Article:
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Dance festival keeps focus on the fringes

December 16, 2006|Daniel Gesmer | Special to The Times

MONTE CARLO — It's arguably the world's most ambitious and visionary dance festival, but it receives relatively little attention in the United States. The biennial Monaco Dance Forum, held in the exclusive European principality, focuses on a low-profit performing art and is conducted largely in French. But the young festival is broader in scope than prominent performance-oriented gatherings such as the American Dance Festival and Jacob's Pillow, and focuses squarely on what it perceives as the brave frontiers of dance creation and presentation.

This year's festival, the longest yet, began Dec. 7 at the recently restored Monte Carlo Opera House, with the fourth Nijinsky Awards. It ends today.

The festival was previously housed almost entirely within the enormous and ultramodern Grimaldi Forum. With the support of the Societe des Bains de Mer, the 2006 edition was spread across multiple venues in and around Monte Carlo -- including the salons of grand hotels, numerous area theaters and unexpected outdoor locations -- as part of what Artistic and General Director Dominique Passet called an effort to "move the work closer to the public and frame it in a way that makes the public curious and open to seeing dance in a fresh light."

Co-founded in 2000 by Princess Caroline of Monaco; Jean-Christophe Maillot, artistic director of Les Ballets de Monte-Carlo; and Stephane Martin, former president of the Grimaldi Forum, the forum's dizzying array of programming has evolved to reflect changing perspectives and priorities. Gone were the extensive film screenings of earlier editions, but new interests were explored, such as interactive installations and dance in public spaces. Two-day conferences within the festival looked at dance and memory and dance pedagogy and medicine.

But, as in 2004, the greatest emphasis was the increasingly widespread integration of interactive digital media with all idioms of dance, along with the growing prevalence of genre fusions. "The technological development is such a fluid moving target that the performances we see here are the futures of three years ago; that's how long it takes to develop these pieces," said composer-media artist Mark Coniglio, 45, of New York. The L.A. transplant is half of the 12-year-old Troika Ranch dance group and author of the software Isadora, which translates dance movement into real-time audio-visual output.

But the promise of interactive media and genre fusion to expand artistic potential comes at the peril of misuse or overuse. In Monaco, artists from France, Algeria, the U.S., Burkina Faso, Canada, Finland, India, Mozambique, New Caledonia, Spain, Sri Lanka and beyond showcased the current trends in works that varied from naive to entertaining, pretentious to profound. "We shouldn't imagine that digital tools alone are the future of dance. They're just one small part of it," said Maillot.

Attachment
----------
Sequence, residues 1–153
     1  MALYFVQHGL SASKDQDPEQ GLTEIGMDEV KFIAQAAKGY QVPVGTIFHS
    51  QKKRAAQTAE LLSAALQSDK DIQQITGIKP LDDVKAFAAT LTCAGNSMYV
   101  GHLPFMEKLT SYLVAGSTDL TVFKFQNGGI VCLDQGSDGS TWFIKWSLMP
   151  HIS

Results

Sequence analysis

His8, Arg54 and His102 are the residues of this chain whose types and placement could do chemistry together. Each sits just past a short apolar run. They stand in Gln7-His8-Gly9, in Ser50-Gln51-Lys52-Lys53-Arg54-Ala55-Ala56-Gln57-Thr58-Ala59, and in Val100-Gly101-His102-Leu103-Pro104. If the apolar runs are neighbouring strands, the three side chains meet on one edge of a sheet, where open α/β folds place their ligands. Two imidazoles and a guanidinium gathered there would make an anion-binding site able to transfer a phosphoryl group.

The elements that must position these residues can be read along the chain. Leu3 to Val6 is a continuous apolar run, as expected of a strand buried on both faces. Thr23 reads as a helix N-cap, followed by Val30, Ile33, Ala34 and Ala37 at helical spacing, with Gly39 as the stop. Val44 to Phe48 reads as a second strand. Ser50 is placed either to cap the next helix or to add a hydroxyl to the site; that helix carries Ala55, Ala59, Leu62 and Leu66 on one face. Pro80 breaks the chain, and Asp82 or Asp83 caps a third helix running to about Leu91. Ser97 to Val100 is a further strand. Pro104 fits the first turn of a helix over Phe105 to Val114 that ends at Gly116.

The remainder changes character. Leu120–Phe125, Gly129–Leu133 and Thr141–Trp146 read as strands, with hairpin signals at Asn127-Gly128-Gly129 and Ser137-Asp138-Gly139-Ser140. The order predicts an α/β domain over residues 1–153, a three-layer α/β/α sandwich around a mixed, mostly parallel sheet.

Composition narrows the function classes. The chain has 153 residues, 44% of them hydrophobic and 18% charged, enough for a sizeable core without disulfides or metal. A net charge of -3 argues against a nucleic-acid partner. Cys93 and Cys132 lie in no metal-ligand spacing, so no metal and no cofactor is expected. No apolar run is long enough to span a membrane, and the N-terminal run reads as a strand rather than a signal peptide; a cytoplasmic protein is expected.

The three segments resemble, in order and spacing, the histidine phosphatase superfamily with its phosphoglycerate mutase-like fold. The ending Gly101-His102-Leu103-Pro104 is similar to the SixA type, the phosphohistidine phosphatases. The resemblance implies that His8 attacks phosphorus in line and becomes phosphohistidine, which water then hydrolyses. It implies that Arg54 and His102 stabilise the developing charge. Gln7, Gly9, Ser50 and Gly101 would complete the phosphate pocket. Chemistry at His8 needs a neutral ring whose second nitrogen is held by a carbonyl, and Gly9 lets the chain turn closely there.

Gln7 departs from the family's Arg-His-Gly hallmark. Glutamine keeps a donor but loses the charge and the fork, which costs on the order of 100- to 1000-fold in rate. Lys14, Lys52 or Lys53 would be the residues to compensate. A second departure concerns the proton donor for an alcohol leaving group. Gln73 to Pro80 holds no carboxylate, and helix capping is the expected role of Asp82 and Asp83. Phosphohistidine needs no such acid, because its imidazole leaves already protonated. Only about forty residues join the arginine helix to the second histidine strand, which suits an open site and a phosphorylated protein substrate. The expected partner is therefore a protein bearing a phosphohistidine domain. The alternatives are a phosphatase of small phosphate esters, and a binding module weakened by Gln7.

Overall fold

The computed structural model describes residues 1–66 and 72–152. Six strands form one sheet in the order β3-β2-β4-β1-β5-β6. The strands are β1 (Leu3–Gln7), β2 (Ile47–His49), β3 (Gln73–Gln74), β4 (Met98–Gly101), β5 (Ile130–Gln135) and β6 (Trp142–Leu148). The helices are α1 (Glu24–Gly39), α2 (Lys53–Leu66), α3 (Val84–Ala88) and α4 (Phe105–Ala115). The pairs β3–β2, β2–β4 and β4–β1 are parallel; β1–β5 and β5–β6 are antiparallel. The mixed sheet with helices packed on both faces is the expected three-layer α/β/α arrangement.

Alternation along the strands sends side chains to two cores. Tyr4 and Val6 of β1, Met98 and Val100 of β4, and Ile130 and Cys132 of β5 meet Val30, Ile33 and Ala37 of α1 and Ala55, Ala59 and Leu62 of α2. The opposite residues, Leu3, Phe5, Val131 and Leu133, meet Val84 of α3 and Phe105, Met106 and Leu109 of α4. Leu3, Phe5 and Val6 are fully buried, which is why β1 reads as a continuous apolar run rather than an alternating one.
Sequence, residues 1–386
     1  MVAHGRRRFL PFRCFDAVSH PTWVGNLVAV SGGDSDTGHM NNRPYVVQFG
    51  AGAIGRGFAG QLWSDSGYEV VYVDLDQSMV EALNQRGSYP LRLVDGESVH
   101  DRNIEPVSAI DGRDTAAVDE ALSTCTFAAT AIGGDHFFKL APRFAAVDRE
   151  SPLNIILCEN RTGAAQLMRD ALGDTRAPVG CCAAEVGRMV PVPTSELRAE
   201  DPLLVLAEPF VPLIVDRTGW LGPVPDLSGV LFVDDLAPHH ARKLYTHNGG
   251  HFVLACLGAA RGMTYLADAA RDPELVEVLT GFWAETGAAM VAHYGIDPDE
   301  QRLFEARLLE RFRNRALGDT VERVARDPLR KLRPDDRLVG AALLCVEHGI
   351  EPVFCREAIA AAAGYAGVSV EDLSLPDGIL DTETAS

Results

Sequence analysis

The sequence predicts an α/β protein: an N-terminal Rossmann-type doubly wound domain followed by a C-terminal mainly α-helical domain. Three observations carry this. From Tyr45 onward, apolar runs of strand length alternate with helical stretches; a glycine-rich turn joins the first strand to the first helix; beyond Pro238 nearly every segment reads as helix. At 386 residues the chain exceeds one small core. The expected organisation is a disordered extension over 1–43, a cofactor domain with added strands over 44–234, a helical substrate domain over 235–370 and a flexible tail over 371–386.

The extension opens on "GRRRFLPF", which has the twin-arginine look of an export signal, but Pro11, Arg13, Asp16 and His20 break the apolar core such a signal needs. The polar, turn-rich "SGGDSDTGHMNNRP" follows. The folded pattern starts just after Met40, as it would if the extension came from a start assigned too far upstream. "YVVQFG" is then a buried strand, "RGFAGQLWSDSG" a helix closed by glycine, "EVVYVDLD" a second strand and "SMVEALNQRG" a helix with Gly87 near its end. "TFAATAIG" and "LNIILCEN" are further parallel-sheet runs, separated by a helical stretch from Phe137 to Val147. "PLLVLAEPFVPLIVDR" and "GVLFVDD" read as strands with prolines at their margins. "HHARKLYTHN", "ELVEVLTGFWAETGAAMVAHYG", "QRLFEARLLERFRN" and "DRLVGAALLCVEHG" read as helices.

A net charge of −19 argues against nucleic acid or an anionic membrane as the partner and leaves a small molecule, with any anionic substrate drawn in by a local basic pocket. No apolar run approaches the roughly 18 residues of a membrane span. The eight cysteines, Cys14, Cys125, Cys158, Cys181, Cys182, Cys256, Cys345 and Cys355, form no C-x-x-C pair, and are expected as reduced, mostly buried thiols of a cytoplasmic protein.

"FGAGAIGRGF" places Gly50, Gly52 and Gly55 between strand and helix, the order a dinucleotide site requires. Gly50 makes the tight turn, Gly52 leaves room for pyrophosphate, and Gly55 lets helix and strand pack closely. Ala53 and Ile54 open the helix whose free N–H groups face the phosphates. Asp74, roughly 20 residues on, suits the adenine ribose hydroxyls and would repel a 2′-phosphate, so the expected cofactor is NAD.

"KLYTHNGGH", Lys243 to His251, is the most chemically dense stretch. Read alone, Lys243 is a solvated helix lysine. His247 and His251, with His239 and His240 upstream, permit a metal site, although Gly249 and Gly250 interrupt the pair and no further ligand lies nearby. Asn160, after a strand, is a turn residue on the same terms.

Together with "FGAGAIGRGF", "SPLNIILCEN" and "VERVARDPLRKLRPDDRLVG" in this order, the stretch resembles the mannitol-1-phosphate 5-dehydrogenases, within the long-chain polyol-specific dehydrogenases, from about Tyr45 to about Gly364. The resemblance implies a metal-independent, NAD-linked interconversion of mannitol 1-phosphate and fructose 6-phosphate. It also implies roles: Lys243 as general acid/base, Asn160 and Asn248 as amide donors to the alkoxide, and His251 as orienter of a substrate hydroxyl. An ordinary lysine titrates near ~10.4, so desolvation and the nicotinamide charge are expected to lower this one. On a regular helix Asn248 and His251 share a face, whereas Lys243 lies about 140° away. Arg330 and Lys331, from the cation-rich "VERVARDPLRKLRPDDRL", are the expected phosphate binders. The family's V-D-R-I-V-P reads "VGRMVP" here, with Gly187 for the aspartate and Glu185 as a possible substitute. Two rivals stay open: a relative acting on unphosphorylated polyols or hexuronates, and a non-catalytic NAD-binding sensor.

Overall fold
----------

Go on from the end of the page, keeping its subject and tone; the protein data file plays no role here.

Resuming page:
Arguably the richest blend of new media and dance at this year's forum came from the Paris-based Spaniard Anna Ventura. Her ambitious 100-minute work "D'Annachronique ... Pavlova Moi," performed Sunday at the Opera House, seamlessly integrated nearly nonstop floor-to-ceiling multimedia effects with creative movement to produce a compellingly atmospheric and occasionally hilarious -- though overlong and meandering -- marathon solo hommage to legendary ballerina Anna Pavlova's "Dying Swan."

Of the many performances that stressed the fusion of dance styles, some were disappointingly weak and superficial. But two showed hip-hop movement integrated so seamlessly into performance that it seemed not a recent urban American development but a classical, timeless vocabulary compatible with the harmonies and rhythms of diverse cultures. Sunday in the Salle Empire of the Hotel de Paris, Algerian soloist Ahmed Khemis performed "Le Voyage de Poussieres" to Sufi music. And Wednesday afternoon, Najib Guerfi's ensemble, from France and New Caledonia, presented "Les Damnes," which tackled Faust just as the group treated Orpheus at the 2004 festival.

Wednesday evening, American icon Bill T. Jones, as much sage elder as dancer, gave one of the festival's most moving and effective performances. In the European premiere of his solo "22," movement, spoken word, music and projection intimately linked in service of emotion, spirit and moral reflection on caring for the next generation.

On the same bill, Trisha Brown's "How Long Does the Subject Linger on the Edge of the Volume" featured an early step by U.S. researcher Marc Downie toward what Coniglio described as the extreme cutting-edge of multimedia technology: artificial intelligence that goes beyond mapping dance movement in three dimensions to sense essential qualities (such as "lyricism") in the same way that humans do, in order to drive multimedia effects with "intelligent persistent reaction," or the potential for surprise and "true digital partnering."

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